Optoma HD26 what is it?
Who is it aimed at?
What does it look like?
How do I connect it up?
How do I set it up?
It’s important that you position the HD26 correctly because it doesn’t have a lens shift and you want to avoid using keystone correction if at all possible. Then you just enter the menu and select the appropriate picture mode and make sure any unnecessary features are turned off. You can do this by either using the controls on top of the projector itself or with the provided remote control.
How do I control it?
What features does it have?
The HD26 also supports 3D, although it doesn’t come with any glasses, so you’ll need to buy those separately. One of the HDMI inputs on the HD26 supports MHL (Mobile High-definition Link) which means you can project photos and videos from your compatible smart device. Finally the HD26 includes Optoma’s Dynamic Black feature which adjusts the brightness of the bulb, depending upon the scene - more on this later.
The technical stuff
However the gamma was better, tracking close to our target curve of 2.2. The colour performance was somewhat disappointing, especially when compared to previous Optoma projectors that we have reviewed. There were sizeable errors in the saturation of all the colours, with blue, green and magenta being especially under-saturated.
When it came to the colour performance, we were unable to improve the saturation performance and no matter what we did, the colour gamut was still significantly restricted. We were able to use the colour management system to improve the luminance and hue performance but thee were still noticeable errors in green, blue and magenta.
Optoma HD26 Picture Quality
The HD26 also provides other benefits and, as we would expect from a DLP projector the motion handling was excellent with no smearing on fast moving objects. This will make it ideal for fast-paced sports action or gaming and the low latency also made for a more responsive experience. The HD26 also handled 24p content well, so Blu-rays will look impressive and thanks to the single chip design, images will be pin sharp and detailed. The video processing was also very good and the HD26 will have no problems with standard and high definition interlaced images. The HD26 also supports 3D and anyone who has experienced the format on a DLP projector will know that the technology works particularly well with active shutter 3D.
Optoma HD26 Video Review
Optoma HD26 What’s not so good?
The next issue is that since this is a DLP projector, the blacks levels are fairly mediocre. The combination of the technology and the bright bulb do rob the HD26 of contrast ratio and dynamic range. As a result blacks look more like a dark grey and even resorting to the Dynamic Black feature didn't help. In fact the blacks really didn't look any different but the fluctuations in brightness did become annoying as the power to the bulb was adjusted. However given that the HD26 will probably be used in rooms with light coloured walls or ambient light, the black levels are less of an issue.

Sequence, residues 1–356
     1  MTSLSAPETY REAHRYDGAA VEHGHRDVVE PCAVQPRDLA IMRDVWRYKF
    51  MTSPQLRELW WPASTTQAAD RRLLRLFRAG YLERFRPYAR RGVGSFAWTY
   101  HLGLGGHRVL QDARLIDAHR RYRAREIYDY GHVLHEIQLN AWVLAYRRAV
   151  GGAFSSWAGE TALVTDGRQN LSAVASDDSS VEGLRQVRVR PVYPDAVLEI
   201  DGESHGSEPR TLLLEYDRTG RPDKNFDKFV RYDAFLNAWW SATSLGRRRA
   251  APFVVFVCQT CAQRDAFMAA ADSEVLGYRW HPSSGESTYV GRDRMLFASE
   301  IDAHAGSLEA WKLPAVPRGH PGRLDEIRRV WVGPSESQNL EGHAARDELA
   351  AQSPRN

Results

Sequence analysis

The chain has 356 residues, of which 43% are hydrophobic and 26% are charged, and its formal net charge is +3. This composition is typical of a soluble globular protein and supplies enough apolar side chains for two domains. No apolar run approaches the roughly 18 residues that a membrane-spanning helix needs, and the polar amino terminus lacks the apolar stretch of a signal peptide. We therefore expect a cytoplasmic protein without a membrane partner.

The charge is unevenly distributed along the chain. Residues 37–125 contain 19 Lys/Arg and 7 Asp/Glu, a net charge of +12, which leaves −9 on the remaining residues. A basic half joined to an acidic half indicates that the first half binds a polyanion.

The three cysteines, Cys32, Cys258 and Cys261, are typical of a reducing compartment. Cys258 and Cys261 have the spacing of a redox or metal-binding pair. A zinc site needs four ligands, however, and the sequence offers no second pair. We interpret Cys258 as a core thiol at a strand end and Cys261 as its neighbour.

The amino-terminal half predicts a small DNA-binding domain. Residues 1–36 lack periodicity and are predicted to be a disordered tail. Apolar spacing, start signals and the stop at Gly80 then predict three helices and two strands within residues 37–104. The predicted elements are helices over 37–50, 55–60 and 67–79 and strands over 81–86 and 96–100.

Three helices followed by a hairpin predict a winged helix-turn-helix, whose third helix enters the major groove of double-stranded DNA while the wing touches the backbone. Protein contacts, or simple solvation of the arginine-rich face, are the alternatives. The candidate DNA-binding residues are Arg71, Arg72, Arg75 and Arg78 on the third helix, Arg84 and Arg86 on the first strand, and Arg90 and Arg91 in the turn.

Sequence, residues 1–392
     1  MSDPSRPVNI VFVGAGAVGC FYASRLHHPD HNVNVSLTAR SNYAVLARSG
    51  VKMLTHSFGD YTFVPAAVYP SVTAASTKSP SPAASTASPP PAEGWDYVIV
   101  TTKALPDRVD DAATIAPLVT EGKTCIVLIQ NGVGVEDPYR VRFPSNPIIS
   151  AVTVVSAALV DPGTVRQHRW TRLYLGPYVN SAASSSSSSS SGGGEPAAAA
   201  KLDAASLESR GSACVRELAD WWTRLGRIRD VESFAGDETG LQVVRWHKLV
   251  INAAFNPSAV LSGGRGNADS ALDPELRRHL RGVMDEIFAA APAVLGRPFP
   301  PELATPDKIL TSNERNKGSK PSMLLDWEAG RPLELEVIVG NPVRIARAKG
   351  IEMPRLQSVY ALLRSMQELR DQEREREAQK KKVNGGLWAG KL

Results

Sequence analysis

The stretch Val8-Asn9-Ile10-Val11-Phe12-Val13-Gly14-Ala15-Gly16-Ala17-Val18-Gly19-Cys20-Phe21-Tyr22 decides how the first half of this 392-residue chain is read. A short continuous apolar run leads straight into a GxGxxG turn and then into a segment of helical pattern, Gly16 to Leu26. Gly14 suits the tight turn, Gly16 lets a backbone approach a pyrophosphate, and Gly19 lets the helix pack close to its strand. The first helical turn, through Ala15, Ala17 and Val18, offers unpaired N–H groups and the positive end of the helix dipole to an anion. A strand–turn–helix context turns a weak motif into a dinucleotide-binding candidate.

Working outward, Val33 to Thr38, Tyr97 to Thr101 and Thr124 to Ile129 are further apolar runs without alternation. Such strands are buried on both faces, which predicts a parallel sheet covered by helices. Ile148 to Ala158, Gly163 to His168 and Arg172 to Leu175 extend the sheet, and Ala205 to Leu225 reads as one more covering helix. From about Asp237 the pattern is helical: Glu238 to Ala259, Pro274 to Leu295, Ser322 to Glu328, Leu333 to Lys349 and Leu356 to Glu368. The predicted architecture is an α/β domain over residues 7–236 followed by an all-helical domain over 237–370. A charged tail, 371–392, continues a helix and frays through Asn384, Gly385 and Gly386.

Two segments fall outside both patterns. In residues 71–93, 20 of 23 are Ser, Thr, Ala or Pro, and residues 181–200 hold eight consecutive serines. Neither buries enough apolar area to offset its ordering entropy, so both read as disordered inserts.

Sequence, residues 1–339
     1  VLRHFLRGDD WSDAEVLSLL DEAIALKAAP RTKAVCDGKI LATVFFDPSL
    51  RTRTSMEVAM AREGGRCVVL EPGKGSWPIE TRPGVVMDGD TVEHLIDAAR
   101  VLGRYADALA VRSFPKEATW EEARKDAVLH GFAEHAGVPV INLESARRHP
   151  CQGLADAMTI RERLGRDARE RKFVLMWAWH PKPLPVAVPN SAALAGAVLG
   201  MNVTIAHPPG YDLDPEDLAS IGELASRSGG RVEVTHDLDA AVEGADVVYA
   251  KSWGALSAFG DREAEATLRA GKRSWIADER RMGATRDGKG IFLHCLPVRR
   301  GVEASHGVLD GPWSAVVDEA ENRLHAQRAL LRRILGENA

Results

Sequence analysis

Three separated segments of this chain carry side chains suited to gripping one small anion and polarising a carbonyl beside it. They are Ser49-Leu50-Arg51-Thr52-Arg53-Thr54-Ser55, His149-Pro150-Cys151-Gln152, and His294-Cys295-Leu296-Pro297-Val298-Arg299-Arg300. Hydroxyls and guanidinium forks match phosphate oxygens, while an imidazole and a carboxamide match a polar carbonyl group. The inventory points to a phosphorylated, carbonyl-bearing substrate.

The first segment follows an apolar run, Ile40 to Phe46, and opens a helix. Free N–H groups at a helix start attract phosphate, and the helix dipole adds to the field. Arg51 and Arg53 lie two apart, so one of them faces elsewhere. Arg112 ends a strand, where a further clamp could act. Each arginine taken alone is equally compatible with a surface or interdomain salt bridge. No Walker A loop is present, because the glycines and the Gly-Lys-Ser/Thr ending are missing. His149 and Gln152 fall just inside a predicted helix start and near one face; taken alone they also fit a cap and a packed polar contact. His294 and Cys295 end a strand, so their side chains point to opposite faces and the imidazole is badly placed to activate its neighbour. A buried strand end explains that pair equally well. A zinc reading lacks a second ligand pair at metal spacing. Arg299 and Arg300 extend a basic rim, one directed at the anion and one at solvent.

Since the HD26 uses a colour wheel, those that are susceptible to rainbow artefacts will undoubtedly suffer and the projector is quite noisy once you combine the fans and the colour wheel; however this is fairly standard for a single-chip DLP projector. The bright bulb is useful but there was a degree of light spill coming from the various vents around the chassis but if you're not using the projector in a pitch black room, this shouldn't be a problem.
- Bright image
- Easy to setup
- Reasonable greyscale
- Good motion handling
- Competitive price
- Mediocre blacks
- Undersaturated colours
- Possible rainbow artefacts
Optoma HD26 Projector Review
Is it worth buying?
The HD26 is aimed at a specific part of the market and in that sense it succeeds in its purpose. The projector is small, light and easy to set up, whilst its brightness makes it ideal for rooms with light coloured walls or ambient light. The overall performance was good and the HD26 would be ideal for anyone looking to try big screen entertainment for the first time. The inherent strengths of DLP make the HD26 great for sports, gaming and 3D; whilst its price will make it very attractive to those on a limited budget.
There are issues with the HD26 but most can be mitigated to some degree. Of course since it's a single-chip DLP projector with a colour wheel, those that are susceptible to rainbow artefacts should be careful. The combination of fans and colour wheel also result in some noise, whilst the bright bulb and air vents create a degree of light spill. This probably won't be that noticeable in a room with ambient light and the same is true of the mediocre blacks; whilst the muted colours are preferable to over-saturated ones.
What are the alternatives?
This area of the projector market is very competitive, with a large number of models being available for similar prices. Almost all of these are DLP projectors, so a lot of the same issues apply but certainly in the case of BenQ's W1070, the colour accuracy is considerably better for a similar price. Alternatively if you suffer from rainbows, you could take a look at Epson's TW5200, which offers many of the same features at a slightly higher price.
Contrast/Dynamic Range/Black levels
2D Picture Quality
Ease Of Use
Value For Money
Our Review Ethos
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